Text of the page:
Detective N. Corder took pre- and post-search video of the residence and took digital photos of all evidence found in the residence and in the backyard. Id. Mrs. Jones showed detectives the location of a gallon-sized Ziploc bag containing marijuana and several small plastic bags in the bedroom. Id. ¶ 1, 9. While the detectives were securing the residence, they also located in the master bedroom a British 303 bolt-action rifle, a smaller Ziploc bag containing 2.3 grams marijuana, 6.4 grams rolled marijuana cigarettes, a colored glass pipe, digital electronic scales, a tan pill bottle containing marijuana seeds, a tan pill bottle with mixed pills, four pill bottles in the name of Todd Jones, a horticultural lamp, a four foot light with a hood, two hi-capacity magazines, and proof of residency for both Todd and Susan Jones. Id. ¶ 9-12.

In the kitchen Detectives found 67.7 grams marijuana in a Starbucks paper bag. Id. ¶ 12. Mrs. Jones also provided detectives with the key to a gun safe located in the kitchen. Inside the safe detectives found a Beretta 22 Cal long rifle semi-automatic handgun with four rounds in the magazine, a Smith and Wesson 357 revolver loaded with six 357 magnum rounds, and a U.S. 9mm SMG frame, barrel and stock. Id. The safe also held six live 357 magnum rounds, eight spent 357 casings, and an orange plastic ammo box containing thirteen live rounds of 357 magnum rounds and thirteen spent casings. Id. A black wallet containing identification for Todd Jones was also located in the safe, along with additional proof of residence for both Todd and Susan Jones. Id. Detectives also located a two-foot tall marijuana plant in the backyard. Id.

The grand jury indicted Jones on May 14, 2008. Indictment, Criminal[1] Dkt. 1. The indictment charged Jones with four counts: (1) possession of a firearm, a U.S., M-345-caliber machine gun, not registered in the national firearm registration and transfer record in violation of 26 U.S.C. § 5861(d); (2) possession of three firearms-the machine gun, a Beretta 22-caliuber semi-automatic pistol, and a Smith and Wesson 357-caliber revolver-by a person convicted of a felony in violation of 18 U.S.C. §§ 922(g)(1) and 924(a)(1)(D); (3) possession of a British 303 bolt-action rifle in violation of 18 U.S.C. §§ 922 (g)(1) and 924(a)(1)(D); and (4) Criminal Forfeiture of all the firearms and ammunition pursuant to 18 U.S.C § 924(d) and 28 U.S.C. § 2461(c). Id. The defendant was released at arraignment on a bond pending trial. Arraignment, Criminal Dkt. 4.

Thomas Monaghan took over as defense counsel for Jones on September 4, 2008. Notice, Criminal Dkt. 14. On December 16, 2008, Jones entered into a written plea agreement. Gov't Ex. A, Plea Agmt., Dkt. 41-1. In the Plea Agreement, Jones waived his right to a direct appeal or to collaterally attack his judgment and conviction through a § 2255 in exchange for the Government dropping two counts of the indictment. Id. ¶¶ 2, 9. However, Jones retained the right to file one motion under § 2255 for "ineffective assistance of counsel based solely on information not known to the defendant at the time the district court imposed sentence and which, in the exercise of reasonable diligence, could not have been known by the defendant at that time." Id. ¶ 9. Under the plea agreement, the government stated it would recommend at sentencing that Jones receive credit for acceptance of responsibility. Id. ¶ 1.

On January 6, 2009, Jones pled guilty to Counts Two and Four of the indictment. Gov't Ex. ¶ 29:19-21, Dkt. 41-2. In order to determine Jones's competency during the change of plea hearing, the magistrate judge asked Jones a series of questions. Id. Jones told the Magistrate Judge that he had completed high school and that he could "read, write and understand the English language without difficulty." Id. ¶ 4. Jones also informed the Magistrate Judge that he had taken half his normal dosage of prescription drugs that morning. Id. ¶ 4. On a follow up question, Jones clarified that the medications would not interfere with his ability to understand the proceedings. Id. ¶ 4-5. Jones stated that the purpose of the hearing was to "accept responsibility for [his] crime." Id. ¶ 5.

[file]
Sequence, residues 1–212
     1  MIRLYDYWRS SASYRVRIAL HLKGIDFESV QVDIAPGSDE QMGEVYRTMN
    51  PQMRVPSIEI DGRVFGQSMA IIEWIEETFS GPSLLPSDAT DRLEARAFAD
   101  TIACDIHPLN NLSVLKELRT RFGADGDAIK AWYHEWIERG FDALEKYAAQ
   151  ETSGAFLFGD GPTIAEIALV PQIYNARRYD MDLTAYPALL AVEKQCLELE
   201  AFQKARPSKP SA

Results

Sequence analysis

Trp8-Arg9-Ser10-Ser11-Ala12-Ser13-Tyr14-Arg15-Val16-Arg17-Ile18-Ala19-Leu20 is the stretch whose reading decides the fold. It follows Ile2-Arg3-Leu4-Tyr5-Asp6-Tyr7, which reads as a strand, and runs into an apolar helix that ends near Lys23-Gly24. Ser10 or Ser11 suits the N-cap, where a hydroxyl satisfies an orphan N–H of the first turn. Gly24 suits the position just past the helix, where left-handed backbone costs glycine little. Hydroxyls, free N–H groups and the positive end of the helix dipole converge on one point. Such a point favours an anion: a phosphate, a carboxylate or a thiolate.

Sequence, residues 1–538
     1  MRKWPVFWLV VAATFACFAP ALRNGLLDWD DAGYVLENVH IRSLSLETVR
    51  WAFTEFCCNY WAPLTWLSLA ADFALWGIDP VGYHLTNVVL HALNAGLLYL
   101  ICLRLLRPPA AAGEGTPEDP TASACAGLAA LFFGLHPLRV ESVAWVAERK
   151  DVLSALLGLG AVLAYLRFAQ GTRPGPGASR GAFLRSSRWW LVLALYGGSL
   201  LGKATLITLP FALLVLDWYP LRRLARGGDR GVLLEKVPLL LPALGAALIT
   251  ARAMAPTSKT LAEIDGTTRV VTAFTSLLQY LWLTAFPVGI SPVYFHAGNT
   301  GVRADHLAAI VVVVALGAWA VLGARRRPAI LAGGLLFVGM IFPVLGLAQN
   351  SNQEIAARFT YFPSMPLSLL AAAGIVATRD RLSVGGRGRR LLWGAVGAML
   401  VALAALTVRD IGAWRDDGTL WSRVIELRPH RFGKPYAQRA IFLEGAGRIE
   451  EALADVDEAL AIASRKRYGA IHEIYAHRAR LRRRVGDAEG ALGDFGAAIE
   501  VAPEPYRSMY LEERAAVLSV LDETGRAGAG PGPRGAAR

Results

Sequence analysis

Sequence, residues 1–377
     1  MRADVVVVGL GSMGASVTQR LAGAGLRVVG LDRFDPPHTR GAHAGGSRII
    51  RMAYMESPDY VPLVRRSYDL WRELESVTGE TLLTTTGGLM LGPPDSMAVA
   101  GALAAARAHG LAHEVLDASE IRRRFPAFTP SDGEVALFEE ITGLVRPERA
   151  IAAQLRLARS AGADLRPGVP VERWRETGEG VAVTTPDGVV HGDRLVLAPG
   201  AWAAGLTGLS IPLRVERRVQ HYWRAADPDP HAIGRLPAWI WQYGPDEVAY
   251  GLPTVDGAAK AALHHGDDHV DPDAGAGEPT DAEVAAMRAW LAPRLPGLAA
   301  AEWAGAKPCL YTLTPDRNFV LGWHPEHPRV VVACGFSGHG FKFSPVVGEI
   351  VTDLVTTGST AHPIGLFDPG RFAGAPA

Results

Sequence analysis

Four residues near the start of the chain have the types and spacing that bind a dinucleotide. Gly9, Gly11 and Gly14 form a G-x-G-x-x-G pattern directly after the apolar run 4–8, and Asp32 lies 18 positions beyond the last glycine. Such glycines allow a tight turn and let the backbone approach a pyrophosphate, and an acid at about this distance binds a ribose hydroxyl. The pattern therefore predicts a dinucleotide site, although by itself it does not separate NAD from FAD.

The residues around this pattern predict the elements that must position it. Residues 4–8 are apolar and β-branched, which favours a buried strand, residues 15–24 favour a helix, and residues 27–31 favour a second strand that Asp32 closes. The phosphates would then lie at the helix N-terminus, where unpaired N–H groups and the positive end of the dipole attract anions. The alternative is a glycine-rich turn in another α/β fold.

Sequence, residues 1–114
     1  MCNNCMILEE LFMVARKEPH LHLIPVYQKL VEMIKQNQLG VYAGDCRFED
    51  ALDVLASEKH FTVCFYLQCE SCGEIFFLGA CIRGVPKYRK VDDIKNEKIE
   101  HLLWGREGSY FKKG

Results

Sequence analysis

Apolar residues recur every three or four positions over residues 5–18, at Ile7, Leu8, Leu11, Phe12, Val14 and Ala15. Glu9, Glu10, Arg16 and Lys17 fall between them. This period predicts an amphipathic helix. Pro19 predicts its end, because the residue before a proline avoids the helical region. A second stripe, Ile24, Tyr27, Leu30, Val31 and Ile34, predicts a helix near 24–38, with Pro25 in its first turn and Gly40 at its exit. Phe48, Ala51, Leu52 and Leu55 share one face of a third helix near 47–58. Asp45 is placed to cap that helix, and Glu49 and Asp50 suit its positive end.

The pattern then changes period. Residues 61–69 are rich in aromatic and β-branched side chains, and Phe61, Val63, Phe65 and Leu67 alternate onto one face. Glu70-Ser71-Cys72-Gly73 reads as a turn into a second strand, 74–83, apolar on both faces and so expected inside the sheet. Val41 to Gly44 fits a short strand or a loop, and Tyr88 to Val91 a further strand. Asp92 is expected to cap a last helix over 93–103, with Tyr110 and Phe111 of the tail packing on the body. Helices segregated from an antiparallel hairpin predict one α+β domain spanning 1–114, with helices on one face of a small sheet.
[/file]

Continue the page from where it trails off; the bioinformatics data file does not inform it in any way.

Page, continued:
However, Jones's counsel, Mr. Monaghan expressed that he had a "slight concern" regarding the competency of his client. Id. As an explanation for his concerns, Mr. Monaghan referenced Jones's history of mental health issues and other serious medical conditions that required medication. Id. Mr. Monaghan stated that although he had these concerns, it was his impression that Jones was competent to proceed based on "prior conversations with him and meeting with him." Id.

Based on these concerns, the Magistrate Judge continued to question Jones regarding his medications and medical history. Id. ¶ 6. Jones stated that his doctors and health care providers had not indicated any concerns about his competency. Id. Jones also stated that he had no concerns about his ability to understand the change of plea hearing, and he stated he "understood fully." Id. ¶ 7.

After these answers, the Magistrate Judge asked Mr. Monaghan if he still had concerns regarding Jones's competency to proceed. Id. Mr. Monaghan stated that "in his opinion, [Jones was able] to respond to the Court's questions intelligently." Id. ¶ 8. Mr. Monaghan stated that although he was "concerned about some of [Jones'] demeanor" earlier that day, he believed Jones could proceed under the competency standard. Id. Mr. Monaghan stated that he believed Jones was "able to comprehend the nature of the proceedings" and could assist in his representation. Id. Mr. Monaghan then recommended that the Court proceed with the change of plea hearing. Id.

Mr. Monaghan indicated to the Court that Jones had not been feeling well that morning due to his physical ailments. Id. Mr. Monaghan stated he did not believe this would affect Jones's competency. Id. The Magistrate Judge told Jones that if he felt it was necessary the Court could give him a period of time to feel better before proceeding and could reconvene the next day. Id. Jones responded that he felt fine enough to continue through the hearing. Id. The Magistrate Judge then found Jones competent based on her previous conversation with both Jones and Mr. Monaghan and her own observations. Id. ¶ 9. The Magistrate Judge told Jones that if he started to feel differently during the rest of the proceeding to ...